Hong Kong civil servants to return to work as lockdown eases
Adds details, quotes on plans
HONG KONG, April 28 (Reuters) - Hong Kong leader Carrie Lam said on Tuesday most civil servants will gradually return to work from May 4, although the government had not yet decided whether to ease travel and social distancing restrictions that are due to expire next week.
The global financial hub reported no new coronavirus infections for a second day on Monday, bringing some relief to a city whose economy has been battered by the disease that came on the heels of crippling anti-government protests.
Looking to ease the way out of a lockdown, Lam said outdoor sports facilities, libraries and museums would also reopen from Monday although they would still be subject to a ban on gatherings of more than four people.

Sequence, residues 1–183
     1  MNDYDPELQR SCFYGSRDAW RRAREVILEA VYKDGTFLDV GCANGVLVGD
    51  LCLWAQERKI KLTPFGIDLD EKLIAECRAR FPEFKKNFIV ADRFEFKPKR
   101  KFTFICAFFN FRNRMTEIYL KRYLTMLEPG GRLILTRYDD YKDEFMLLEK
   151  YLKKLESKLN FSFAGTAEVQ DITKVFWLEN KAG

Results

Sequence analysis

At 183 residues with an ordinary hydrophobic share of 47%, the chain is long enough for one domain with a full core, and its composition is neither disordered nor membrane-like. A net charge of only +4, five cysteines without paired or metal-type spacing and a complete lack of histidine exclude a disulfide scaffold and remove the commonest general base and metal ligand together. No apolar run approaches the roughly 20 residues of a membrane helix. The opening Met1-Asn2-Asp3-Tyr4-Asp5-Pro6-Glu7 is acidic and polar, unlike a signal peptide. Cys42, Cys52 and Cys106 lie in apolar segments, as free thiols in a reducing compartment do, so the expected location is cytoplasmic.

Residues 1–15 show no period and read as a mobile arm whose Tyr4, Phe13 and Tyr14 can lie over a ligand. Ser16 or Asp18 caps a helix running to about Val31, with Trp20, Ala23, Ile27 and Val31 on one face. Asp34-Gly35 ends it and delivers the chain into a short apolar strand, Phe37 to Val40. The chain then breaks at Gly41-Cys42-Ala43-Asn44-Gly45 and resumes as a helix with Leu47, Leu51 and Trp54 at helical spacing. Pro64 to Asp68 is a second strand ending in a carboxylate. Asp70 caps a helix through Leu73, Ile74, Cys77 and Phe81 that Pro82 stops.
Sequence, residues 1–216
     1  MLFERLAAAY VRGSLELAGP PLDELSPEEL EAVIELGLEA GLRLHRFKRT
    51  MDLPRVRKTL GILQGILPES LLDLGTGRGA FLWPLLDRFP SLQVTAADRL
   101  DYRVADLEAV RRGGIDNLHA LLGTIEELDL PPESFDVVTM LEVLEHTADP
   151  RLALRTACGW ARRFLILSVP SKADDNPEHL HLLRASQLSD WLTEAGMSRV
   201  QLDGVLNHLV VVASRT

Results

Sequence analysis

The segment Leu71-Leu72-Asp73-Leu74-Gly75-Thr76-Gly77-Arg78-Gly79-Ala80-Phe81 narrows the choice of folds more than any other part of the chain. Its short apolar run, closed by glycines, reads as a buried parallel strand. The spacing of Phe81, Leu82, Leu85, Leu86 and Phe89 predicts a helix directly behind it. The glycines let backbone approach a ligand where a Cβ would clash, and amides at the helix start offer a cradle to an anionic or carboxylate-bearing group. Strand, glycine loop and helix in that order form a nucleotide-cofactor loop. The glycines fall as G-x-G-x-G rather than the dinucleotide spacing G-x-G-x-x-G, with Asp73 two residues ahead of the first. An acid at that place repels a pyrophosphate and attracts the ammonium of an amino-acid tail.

Social distancing restrictions to halt the spread of coronavirus have seen a relative lull in protests in recent weeks, with some democracy activists expressing concern the rules could be used to curb demonstrations, which Lam rejected.
"When considering whether to continue the restrictions or not, the major consideration is firstly to safeguard public health and to ensure citizens' health, secondly to consider the impact of these measures on the economy and different industries, and thirdly their psychological impact on people," Lam said.
The government said last week that social distancing and travel measures would be extended until at least May 7. A key consideration for Lam will also be whether to ease cross-border travel restrictions with mainland China, where the virus is believed to have originated and is now largely under control.
Joining cities around the world in the battle to halt the virus, Hong Kong has shut schools and many people work from home, although some have slowly started to return to offices in the past couple of weeks. It's rare to see anyone not wearing a surgical mask in the city.
Hong Kong has confirmed 1,038 cases and four deaths since the outbreak began in January.
(Reporting By Clare Jim and Donny Kwok; Writing by Anne Marie Roantree; Editing by Christian Schmollinger and Lincoln Feast.)